CARLSBAD, CALIFORNIA – Major League Baseball and its players’ union likely will not decide until the eve of spring training whether to change rules in an effort to increase action on the field next year.
Deputy commissioner Dan Halem said Thursday as the annual general managers’ meetings ended that there was no consensus for change yet. More discussions will take place when owners gather next week in Atlanta, the union’s executive board convenes in late November and major league executives go to Las Vegas for the winter meetings in mid-December.
Topics being discussed include the increased use of defensive shifts, the decrease in innings thrown by starting pitchers and technology that aids sign stealing. A possible 20-second pitch clock and alterations to rules for waivers, trade deadlines and disabled lists also are being talked about by a tradition-bound sport resistant to change.
“We’re an entertainment product. Certainly, we want to play the game in a way that’s compelling for our audience, including the younger audience,” Halem said.
“We’re constantly looking at the way the game is changing organically and trying to balance the competitive issues with our clubs and our GMs doing everything possible to win versus what those decisions result in, in terms of the product on the field. And it’s not an easy balance, but we work very hard at it.”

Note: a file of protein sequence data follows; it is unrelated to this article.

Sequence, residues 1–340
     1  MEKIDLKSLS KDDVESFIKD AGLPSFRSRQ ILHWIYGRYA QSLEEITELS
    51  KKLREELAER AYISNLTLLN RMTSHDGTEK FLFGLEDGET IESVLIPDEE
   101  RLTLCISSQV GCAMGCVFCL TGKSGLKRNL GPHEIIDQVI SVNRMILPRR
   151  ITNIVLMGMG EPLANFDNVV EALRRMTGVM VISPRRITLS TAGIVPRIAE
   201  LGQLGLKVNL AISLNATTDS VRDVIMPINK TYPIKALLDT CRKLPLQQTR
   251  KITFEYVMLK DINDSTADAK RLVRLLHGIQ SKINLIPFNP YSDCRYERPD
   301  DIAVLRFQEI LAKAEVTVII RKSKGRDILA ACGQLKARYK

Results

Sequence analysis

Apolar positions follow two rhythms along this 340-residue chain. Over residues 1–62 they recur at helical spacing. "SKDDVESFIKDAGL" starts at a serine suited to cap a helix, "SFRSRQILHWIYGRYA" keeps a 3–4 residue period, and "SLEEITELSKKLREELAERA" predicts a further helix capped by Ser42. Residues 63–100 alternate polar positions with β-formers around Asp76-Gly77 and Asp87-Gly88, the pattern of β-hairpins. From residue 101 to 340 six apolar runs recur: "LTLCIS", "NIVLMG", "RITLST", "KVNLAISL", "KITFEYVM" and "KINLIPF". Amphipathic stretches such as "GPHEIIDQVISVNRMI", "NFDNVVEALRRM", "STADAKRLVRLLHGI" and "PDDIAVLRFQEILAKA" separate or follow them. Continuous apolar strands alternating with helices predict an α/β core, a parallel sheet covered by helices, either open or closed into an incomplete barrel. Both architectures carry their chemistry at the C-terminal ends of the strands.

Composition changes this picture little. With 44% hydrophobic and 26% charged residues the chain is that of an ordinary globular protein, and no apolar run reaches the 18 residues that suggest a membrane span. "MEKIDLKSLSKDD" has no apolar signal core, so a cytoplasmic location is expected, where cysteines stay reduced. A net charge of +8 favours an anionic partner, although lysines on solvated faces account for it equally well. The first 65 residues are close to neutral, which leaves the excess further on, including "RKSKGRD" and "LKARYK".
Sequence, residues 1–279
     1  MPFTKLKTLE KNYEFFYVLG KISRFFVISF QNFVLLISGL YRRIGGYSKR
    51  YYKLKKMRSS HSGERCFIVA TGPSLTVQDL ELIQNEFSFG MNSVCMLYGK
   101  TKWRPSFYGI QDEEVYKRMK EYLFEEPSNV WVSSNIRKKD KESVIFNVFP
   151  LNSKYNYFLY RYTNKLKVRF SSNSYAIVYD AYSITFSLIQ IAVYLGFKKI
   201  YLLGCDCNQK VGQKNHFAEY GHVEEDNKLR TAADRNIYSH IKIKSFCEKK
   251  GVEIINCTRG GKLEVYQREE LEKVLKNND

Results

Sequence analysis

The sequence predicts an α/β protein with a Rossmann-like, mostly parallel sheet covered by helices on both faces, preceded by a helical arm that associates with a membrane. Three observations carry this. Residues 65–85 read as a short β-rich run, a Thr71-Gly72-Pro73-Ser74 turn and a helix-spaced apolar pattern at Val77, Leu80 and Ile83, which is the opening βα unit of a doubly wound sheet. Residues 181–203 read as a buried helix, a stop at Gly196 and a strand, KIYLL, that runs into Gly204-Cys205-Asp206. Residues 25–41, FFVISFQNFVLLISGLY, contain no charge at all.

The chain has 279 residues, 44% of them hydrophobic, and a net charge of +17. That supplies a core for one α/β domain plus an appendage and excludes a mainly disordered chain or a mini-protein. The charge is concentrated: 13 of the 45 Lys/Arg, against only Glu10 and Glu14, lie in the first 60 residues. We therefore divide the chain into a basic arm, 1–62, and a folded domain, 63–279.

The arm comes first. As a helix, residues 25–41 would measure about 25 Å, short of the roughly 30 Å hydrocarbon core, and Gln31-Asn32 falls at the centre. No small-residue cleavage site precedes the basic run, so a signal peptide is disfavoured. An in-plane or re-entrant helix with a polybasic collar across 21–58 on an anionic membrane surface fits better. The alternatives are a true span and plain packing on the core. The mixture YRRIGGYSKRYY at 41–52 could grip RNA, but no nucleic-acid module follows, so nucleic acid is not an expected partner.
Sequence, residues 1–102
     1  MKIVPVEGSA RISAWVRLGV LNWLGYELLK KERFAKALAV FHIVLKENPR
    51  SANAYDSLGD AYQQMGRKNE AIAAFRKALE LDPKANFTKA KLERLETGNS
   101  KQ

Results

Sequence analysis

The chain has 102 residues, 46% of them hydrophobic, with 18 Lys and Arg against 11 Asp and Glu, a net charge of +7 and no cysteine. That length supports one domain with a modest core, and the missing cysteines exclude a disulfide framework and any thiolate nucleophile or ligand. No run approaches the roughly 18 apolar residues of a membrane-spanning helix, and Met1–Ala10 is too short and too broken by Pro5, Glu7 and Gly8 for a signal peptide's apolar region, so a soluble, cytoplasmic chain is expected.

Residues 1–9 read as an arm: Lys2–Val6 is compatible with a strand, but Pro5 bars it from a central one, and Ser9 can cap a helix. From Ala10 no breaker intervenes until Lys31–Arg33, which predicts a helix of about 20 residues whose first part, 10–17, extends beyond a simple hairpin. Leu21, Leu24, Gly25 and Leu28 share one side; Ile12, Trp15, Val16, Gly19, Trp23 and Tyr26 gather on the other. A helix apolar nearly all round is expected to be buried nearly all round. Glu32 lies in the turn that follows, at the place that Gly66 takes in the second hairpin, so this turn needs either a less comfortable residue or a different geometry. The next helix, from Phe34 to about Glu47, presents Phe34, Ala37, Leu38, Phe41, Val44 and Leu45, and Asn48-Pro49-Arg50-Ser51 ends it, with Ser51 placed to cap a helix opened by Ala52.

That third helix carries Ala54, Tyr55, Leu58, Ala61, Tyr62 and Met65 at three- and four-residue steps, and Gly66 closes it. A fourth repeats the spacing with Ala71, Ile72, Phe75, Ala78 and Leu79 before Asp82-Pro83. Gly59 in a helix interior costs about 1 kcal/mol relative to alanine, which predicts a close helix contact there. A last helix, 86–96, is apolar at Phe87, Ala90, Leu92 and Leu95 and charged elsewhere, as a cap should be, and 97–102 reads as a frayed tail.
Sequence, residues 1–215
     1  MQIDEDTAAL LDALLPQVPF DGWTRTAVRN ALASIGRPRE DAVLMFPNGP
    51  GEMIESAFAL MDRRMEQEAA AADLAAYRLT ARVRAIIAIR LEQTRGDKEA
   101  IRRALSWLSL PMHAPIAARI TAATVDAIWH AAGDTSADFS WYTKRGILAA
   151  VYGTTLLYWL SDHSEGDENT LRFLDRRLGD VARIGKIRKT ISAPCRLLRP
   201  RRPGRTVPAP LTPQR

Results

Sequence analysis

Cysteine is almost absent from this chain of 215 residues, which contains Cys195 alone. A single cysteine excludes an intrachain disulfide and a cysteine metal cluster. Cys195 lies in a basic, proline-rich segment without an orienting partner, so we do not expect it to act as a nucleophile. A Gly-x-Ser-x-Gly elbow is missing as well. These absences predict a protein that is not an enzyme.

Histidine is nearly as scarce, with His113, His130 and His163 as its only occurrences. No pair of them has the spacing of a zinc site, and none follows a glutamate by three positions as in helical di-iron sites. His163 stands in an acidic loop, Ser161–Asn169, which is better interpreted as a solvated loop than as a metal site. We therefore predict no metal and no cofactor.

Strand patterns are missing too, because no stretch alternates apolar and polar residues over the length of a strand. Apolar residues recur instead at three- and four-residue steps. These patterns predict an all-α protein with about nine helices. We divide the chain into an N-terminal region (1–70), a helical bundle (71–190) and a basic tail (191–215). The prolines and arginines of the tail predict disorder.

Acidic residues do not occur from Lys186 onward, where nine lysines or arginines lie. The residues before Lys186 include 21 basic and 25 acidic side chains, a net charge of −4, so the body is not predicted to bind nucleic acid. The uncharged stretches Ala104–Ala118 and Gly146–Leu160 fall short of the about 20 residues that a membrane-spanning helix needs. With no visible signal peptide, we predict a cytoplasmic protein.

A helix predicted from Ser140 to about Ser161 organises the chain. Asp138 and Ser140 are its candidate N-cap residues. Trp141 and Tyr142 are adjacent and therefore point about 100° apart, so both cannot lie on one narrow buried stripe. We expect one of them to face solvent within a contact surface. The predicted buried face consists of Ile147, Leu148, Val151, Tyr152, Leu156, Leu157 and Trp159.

Agreement with the union is necessary for playing rules changes, but management has the right to unilaterally implement a new playing rule with one-year advance notice.
Commissioner Rob Manfred had the right to mandate pitch clocks for 2018 but backed off when the union refused to agree, and he retains the ability to order clocks for 2019.
MLB did initiate limits on mound trips without pitching changes in 2018, and the average time of a nine-inning game dropped to 3 hours, 44 seconds during the regular season from 3:05:11 in 2017 — although it rose to 3:34:50 this postseason from 3:29:28 in 2017.
“It’s going in the right direction,” Halem said.
DAZN vote planned
In addition to a new five-year term for Manfred, baseball owners plan to vote on a new television contract with Fox and an agreement for in-game cut-ins with the subscription video streaming service DAZN when they meet next week in Atlanta, a person familiar with the agenda told The Associated Press.
Fox and Turner Broadcasting are in the midst of eight-year agreements through 2021 in which Fox has exclusive rights to the World Series and All-Star Game, splits the League Championship Series with Turner and shares the Division Series with Turner and the MLB Network.
DAZN, which launched in 2016 in Japan and has aggressively expanded globally, has been negotiating a $300 million, three-year deal with MLB, the person said.
The streaming company announced an 11-fight deal last month with boxer Canelo Alvarez. Former ESPN president John Skipper is the chairman of DAZN’s parent company.